Race Directors are People too

I met with Rene Macias, race director for the Bill Davis Road Race (formerly known as the Rio Grande Road Race) to gain insight into putting on a road race in Colorado.
After giving him grief for what I considered disadvantages for women’s racing, he invited me to chat in person about my concerns. He could have easily brushed me off and never responded to my email, which would be the easiest option for someone. It says a lot about Rene taking the time to not just to email me back, but to also suggest meeting in person to talk about my issues.
I sent him the following:

Hi Rene,

I hope this message finds you well. My name is Jessica and I’m a Cat 3 racer. I was looking at the registration flyer for the Bill Davis Road Cup Race and noticed that the Cat 3 women only receive merchandise whereas the Cat 3 men receive a cash payout for the top 5 riders. Same goes for Women 40+. At the same time, the Cat 3/40+ women pay the same registration fees and have less race mileage.
I’m wondering if you’ll discount the registration fee by 25% because the Cat 3/40+ women are racing 25% less terrain and don’t receive any cash payout for their placing.
I look forward to hearing from you. Have a great day!



Jessica McWhirt
Rene’s response:
Hi Jessica:
If you would like to sit down and have coffee to discuss your concerns over entry fees and prize lists, please let me know.  I would be happy to discuss your concerns and previous concerns from last year on rider equality as you mentioned in the survey you completed last year as well as through the emails sent.
Rene Macias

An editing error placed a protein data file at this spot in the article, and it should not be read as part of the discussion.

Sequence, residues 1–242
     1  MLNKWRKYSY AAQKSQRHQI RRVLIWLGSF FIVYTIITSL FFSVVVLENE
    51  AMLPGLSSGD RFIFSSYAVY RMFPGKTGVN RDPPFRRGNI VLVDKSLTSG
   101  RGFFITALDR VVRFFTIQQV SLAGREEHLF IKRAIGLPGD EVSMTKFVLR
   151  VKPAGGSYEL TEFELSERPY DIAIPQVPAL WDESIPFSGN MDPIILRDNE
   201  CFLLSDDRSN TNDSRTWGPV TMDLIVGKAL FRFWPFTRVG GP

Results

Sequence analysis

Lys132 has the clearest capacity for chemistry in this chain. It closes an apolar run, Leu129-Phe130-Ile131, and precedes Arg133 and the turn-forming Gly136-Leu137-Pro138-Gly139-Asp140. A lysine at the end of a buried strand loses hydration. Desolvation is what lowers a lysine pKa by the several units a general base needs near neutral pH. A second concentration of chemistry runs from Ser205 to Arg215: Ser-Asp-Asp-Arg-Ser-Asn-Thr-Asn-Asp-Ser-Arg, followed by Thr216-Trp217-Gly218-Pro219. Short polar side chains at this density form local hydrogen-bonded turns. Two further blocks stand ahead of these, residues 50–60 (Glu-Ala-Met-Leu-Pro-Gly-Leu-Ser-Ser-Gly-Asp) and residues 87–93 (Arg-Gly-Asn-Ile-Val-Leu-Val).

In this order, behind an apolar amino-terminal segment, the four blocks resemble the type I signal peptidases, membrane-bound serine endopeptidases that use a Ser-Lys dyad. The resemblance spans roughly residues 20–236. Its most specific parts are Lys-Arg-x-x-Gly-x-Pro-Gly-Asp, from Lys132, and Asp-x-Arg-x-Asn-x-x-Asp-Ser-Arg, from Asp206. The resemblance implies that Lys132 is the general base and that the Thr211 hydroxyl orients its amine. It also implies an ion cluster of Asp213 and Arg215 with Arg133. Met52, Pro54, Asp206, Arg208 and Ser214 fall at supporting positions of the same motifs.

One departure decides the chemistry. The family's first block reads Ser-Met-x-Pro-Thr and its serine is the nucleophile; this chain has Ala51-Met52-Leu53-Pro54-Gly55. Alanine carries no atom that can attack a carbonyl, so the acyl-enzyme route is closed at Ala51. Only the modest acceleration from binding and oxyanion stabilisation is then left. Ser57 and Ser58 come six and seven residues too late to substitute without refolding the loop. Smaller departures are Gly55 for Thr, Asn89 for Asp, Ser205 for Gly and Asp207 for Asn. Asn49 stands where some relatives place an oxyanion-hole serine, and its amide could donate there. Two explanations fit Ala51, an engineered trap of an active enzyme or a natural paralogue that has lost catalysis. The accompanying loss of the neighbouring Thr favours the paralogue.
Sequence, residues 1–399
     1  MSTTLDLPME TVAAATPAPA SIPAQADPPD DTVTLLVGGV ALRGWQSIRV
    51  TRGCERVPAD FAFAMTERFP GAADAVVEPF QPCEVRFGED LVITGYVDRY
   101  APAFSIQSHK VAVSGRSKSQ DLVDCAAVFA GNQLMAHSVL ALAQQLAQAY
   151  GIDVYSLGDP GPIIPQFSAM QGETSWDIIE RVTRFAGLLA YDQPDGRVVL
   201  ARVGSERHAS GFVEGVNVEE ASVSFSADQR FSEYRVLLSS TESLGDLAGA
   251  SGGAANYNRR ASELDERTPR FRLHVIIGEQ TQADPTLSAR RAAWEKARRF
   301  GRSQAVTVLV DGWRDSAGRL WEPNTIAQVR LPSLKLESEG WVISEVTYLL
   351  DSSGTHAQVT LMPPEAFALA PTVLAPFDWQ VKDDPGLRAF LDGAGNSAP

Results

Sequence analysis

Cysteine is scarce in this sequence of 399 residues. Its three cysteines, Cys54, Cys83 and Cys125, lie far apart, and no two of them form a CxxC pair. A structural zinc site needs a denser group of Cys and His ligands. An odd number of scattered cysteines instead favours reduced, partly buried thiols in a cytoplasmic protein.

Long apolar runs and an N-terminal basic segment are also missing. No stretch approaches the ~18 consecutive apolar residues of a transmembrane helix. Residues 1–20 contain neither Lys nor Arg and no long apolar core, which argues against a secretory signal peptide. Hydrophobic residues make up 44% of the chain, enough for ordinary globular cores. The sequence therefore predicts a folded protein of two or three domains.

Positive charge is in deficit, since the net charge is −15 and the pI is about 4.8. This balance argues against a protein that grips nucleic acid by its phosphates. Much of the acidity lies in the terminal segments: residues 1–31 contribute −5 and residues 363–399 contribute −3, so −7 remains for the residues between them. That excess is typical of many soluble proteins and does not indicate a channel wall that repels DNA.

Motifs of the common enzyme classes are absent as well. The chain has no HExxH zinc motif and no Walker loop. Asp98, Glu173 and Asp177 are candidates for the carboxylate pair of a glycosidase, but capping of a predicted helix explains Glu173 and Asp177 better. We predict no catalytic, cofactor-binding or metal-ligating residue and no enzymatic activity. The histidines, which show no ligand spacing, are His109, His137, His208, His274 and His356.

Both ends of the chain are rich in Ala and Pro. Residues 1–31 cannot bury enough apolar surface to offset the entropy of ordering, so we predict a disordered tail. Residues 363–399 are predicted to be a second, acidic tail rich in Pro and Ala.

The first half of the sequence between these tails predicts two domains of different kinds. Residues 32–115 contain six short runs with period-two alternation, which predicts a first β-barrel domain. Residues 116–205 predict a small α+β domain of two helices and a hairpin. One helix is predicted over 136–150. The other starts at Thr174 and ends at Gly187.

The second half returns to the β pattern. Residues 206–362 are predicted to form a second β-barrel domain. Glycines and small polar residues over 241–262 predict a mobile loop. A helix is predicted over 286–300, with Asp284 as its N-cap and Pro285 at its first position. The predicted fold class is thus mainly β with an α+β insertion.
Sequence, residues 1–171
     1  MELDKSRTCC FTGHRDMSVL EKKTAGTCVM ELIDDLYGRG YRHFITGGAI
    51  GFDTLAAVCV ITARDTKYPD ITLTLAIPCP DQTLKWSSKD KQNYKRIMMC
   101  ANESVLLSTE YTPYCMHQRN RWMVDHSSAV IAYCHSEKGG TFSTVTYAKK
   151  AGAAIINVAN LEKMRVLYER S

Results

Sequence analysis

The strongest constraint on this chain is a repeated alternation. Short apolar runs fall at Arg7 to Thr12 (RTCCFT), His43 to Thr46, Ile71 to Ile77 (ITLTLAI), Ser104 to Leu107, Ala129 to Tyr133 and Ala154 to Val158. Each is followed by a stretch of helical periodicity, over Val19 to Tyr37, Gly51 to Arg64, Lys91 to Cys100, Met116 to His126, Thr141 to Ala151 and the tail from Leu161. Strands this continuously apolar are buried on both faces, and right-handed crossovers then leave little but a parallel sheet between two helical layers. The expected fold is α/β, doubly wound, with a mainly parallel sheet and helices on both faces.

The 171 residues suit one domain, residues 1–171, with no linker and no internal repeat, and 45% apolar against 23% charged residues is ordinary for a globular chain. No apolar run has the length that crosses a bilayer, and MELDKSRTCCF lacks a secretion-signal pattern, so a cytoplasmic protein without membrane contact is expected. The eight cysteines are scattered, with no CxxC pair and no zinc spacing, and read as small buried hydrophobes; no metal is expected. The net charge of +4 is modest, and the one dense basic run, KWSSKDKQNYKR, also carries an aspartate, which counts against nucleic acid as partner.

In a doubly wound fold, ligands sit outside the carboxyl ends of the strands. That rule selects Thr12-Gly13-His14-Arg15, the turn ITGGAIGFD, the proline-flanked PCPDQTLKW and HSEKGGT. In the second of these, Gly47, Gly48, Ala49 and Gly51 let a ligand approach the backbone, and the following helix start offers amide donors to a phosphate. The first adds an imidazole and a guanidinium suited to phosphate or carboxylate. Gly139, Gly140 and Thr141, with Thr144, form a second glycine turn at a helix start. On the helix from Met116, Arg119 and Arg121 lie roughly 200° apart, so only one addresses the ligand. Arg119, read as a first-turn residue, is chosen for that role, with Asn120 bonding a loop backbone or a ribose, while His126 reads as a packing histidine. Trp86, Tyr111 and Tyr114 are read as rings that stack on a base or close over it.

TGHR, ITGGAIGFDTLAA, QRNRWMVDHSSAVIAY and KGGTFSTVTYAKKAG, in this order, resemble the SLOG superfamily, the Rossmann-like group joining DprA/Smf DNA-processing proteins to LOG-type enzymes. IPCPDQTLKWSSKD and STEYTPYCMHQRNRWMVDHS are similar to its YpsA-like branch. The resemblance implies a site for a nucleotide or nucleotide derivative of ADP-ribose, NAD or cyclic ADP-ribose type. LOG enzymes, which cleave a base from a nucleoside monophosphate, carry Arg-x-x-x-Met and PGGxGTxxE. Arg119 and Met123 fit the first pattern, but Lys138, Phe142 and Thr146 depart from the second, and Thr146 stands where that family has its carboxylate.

Yes, I sent him a similar email last year. So I agreed to coffee. I put my money where my mouth was and agreed to meet Rene in Denver. I walked away from our meeting with a new level of respect for race directors. I now want to do what I can to help race directors like Rene, encourage equality in racing, and grow women’s racing.
Like most amateur athletes, race directors have full-time jobs they juggle alongside putting on a race.  Rene is no exception. He has a full-time job and two daughters. I learned he has to front a lot of costs to put on the Bill Davis race and barely breaks even every year. That’s due to all the permits he pays for to use the roads, the cops, and emergency personnel, and other various admin fees, like USAC and officials, to put on the race.
Not to mention the fact that Rene went door-to-door to the citizens of the county to get their buy-in before he put on the Rio Grande/Bill Davis Road Race. He explained the benefits of the race for the neighbors, essentially creating a marketing plan not only for sponsorships but for the locals.
Like most races, there just aren’t enough women participating to encourage race directors to pay out equally among all categories.
We like to think of race directors as short-sighted, but after learning that Rene has been directing races for thirty years, it was hard to argue that he “doesn’t get it.” Economically, it makes sense to pay out the categories that bring in the most revenue. But it begs the question, “will paying more in smaller fields draw more participants or do we need the participation first to encourage equal payouts?” It feels like one of those shit-uations where you’re damned if you do and damned if you don’t.
We both agreed that it made more sense to payout by percentage of participation, which means more participants, higher payouts. It encourages more women to race without detracting from the current high participation fields, namely the men’s fields.
We spoke further about women’s participation in road bike races in general. We also talked about Venus de Miles and its success in drawing hundreds of women to its annual organized bike ride. It’s one of those never-ending questions that still doesn’t have an answer. When I asked the women in the Facebook group, Women Bike Colorado, the biggest reason was that racing would take the fun out of cycling.
No one’s saying you can’t have fun riding your bike fast. No one is expecting anyone to win. We’re all out here participating for a number of reasons, one of which is to have fun. Others race because they like the competition. People like me find it fun to compete.
If you ride a bike and don’t race, how come? Why do you think there aren’t there more women racing? 


I talk to myself out loud.

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